NIH Public Access

Author Manuscript
Am J Clin Dermatol. Author manuscript; available in PMC 2014 August 08.
Published in final edited form as:
NIH-PA Author Manuscript

Am J Clin Dermatol. 2011 August 1; 12(4): 259–270. doi:10.2165/11588890-000000000-00000.

Guidelines for the Diagnosis and Treatment of Cutaneous
Mastocytosis in Children
Mariana Castells, MD*, Dean D. Metcalfe, MD**, and Luis Escribano, MD***
*Brigham & Women’s Hospital, Harvard Medical School, Boston, MA, USA
**Laboratory of Allergic Diseases, NIAID/NIH, Bethesda, MD, USA
***Unidad de Mastocitosis, Toledo, Spain

Mastocytosis is a disease with many variants, all of which are characterized by a pathologic
increase in mast cells in cutaneous tissue and extracutaneous organs such as the bone marrow,
NIH-PA Author Manuscript

liver, spleen and lymph nodes. The disease presents in two primary age-related patterns: pediatric-
onset mastocytosis and adult-onset mastocytosis, which may differ in their clinical manifestations
and disease course. Pediatric-onset mastocytosis commonly is diagnosed prior to 2 years of age,
and usually consists of cutaneous disease, with urticaria pigmentosa (UP) the most common
pattern. The course of pediatric-onset mastocytosis is variable. This is in contrast to adult onset
disease which generally presents with systemic findings and increases in extent and severity over
time. Because pediatric forms of mastocytosis often differ in presentation and prognosis from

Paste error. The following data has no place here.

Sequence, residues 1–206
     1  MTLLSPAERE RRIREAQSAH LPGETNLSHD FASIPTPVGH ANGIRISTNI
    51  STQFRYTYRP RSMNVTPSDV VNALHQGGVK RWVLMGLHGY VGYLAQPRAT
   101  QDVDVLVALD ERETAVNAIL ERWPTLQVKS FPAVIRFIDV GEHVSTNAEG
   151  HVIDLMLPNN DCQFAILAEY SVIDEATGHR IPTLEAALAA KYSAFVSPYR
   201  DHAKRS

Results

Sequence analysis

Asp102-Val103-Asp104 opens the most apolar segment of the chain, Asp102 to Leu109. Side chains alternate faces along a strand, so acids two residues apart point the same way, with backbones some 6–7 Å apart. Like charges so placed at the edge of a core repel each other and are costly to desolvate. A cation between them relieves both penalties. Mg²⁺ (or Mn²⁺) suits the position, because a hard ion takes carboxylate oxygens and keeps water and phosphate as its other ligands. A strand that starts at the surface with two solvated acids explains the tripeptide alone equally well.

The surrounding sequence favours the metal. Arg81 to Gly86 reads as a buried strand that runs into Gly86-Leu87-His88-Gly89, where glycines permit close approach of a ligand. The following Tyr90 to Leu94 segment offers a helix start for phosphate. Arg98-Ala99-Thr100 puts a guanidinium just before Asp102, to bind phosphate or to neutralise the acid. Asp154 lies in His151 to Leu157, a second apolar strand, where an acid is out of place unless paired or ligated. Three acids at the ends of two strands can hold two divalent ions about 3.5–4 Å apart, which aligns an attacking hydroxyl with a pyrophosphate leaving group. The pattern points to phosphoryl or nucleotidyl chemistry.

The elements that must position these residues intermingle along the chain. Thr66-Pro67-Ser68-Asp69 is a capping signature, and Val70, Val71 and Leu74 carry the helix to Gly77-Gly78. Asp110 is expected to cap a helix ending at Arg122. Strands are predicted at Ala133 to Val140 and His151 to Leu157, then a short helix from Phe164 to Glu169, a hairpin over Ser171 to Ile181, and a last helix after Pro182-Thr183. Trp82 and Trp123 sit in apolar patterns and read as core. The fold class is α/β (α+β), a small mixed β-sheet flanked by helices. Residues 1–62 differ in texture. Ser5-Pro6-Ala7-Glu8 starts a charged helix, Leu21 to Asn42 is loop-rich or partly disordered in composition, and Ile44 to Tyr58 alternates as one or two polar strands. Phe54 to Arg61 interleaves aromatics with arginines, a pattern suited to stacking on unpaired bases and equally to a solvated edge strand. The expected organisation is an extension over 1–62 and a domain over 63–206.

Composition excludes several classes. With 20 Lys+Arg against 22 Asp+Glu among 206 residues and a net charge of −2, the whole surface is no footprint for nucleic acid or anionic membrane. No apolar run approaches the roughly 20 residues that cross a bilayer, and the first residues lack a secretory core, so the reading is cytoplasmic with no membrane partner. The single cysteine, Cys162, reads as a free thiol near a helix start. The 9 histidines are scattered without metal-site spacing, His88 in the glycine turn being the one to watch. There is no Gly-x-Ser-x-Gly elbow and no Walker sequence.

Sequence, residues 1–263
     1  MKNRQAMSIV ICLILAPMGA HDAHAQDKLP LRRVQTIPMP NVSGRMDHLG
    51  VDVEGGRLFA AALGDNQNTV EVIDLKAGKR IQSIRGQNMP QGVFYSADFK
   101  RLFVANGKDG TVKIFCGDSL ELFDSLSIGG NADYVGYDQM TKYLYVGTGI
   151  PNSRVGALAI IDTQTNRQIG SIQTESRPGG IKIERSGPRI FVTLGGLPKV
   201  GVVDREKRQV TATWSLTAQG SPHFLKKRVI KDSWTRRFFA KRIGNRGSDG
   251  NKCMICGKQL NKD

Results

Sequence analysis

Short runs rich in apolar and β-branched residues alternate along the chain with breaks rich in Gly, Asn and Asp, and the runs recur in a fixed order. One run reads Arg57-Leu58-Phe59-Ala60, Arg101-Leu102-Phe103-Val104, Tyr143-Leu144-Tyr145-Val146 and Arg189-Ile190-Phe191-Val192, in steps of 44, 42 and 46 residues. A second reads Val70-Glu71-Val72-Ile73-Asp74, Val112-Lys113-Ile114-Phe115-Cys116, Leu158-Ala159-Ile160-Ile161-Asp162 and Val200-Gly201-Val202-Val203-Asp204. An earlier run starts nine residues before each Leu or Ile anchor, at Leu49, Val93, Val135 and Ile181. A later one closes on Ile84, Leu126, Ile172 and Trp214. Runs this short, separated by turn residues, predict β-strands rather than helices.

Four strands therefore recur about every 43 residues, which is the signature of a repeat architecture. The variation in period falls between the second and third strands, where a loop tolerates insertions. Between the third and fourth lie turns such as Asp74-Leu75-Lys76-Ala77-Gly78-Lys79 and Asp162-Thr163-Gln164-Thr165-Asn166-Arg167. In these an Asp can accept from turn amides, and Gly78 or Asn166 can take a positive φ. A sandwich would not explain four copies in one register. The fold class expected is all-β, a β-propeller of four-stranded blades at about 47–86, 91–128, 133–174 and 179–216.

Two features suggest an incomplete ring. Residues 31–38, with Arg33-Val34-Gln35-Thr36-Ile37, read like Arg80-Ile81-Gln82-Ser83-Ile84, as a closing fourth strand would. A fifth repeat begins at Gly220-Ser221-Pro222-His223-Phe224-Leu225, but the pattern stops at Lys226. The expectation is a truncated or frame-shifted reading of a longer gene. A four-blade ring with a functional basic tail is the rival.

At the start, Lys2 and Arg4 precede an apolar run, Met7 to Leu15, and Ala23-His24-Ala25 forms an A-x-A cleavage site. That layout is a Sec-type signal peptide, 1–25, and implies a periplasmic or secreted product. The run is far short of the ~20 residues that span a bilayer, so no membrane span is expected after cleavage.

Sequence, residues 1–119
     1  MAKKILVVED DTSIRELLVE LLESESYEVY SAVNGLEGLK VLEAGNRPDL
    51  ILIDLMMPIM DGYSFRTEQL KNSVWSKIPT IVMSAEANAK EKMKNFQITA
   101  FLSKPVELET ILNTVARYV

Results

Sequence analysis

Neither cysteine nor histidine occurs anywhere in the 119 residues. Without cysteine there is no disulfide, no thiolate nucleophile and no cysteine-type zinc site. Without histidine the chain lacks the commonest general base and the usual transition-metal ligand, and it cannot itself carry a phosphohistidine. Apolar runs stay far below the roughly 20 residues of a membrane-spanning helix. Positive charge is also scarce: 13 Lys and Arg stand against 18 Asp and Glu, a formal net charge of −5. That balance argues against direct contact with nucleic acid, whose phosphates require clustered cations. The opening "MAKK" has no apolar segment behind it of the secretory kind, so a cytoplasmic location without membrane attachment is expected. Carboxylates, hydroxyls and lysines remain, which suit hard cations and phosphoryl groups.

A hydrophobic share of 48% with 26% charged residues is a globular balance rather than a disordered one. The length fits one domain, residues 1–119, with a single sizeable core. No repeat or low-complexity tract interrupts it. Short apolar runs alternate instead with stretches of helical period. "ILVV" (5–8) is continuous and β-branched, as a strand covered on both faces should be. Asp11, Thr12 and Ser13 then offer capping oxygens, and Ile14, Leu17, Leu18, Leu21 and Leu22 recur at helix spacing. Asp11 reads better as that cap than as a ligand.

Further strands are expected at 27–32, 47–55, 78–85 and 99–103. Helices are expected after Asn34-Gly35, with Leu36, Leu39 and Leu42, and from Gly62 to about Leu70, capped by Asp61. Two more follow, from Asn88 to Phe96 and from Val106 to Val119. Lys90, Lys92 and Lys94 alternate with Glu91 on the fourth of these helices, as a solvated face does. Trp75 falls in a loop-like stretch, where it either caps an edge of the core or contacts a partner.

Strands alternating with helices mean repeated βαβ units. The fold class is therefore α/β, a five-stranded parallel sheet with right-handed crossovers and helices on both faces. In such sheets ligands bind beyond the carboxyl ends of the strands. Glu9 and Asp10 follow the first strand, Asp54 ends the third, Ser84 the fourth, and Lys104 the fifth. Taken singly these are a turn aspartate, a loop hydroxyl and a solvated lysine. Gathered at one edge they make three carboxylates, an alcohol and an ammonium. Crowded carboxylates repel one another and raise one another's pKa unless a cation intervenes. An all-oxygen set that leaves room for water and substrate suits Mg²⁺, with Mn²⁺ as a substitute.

adult variants, it is most important to understand pediatric mastocytosis and not rely on adult
approaches as a guide on how to identify and manage disease. This is especially important in
selecting therapy where antiproliferative agents have a very different set of concerns when used to
treat adult mastocytosis compared to pediatric mastocytosis, especially in terms of long-term
toxicity. This review is directed at providing age-specific information surrounding the care of the
child with mastocytosis.
NIH-PA Author Manuscript

Mastocytosis; pediatric; urticaria pigmentosa; treatment

Mastocytosis is a disease with many variants, all of which are characterized by a pathologic
increase in mast cells in cutaneous tissue and extracutaneous organs such as the bone
marrow, liver, spleen and lymph nodes. The disease presents in two primary age-related
patterns: pediatric-onset mastocytosis and adult-onset mastocytosis, which may differ in
their clinical manifestations and disease course. Pediatric-onset mastocytosis commonly is
diagnosed prior to 2 years of age, and usually consists of cutaneous disease, with urticaria

Jenny Thomson, Editorial Administrator, Adis International Limited, Wolters Kluwer Health, 41 Centorian Drive, Auckland 1311,
New Zealand, Direct Fax: +64 9 477 0781.

Castells et al. Page 2

pigmentosa (UP) the most common pattern. The course of pediatric-onset mastocytosis is
variable. This is in contrast to adult onset disease which generally presents with systemic
findings and increases in extent and severity over time.
NIH-PA Author Manuscript

The first description of a cutaneous mast cell disease is attributed to Nettleship and Tay in
1869,[1] and was later, because of the gross appearance of the lesions, termed urticaria
pigmentosa (UP) by Sangster in 1878.[2] In 1949, Ellis described an autopsy of a fatal case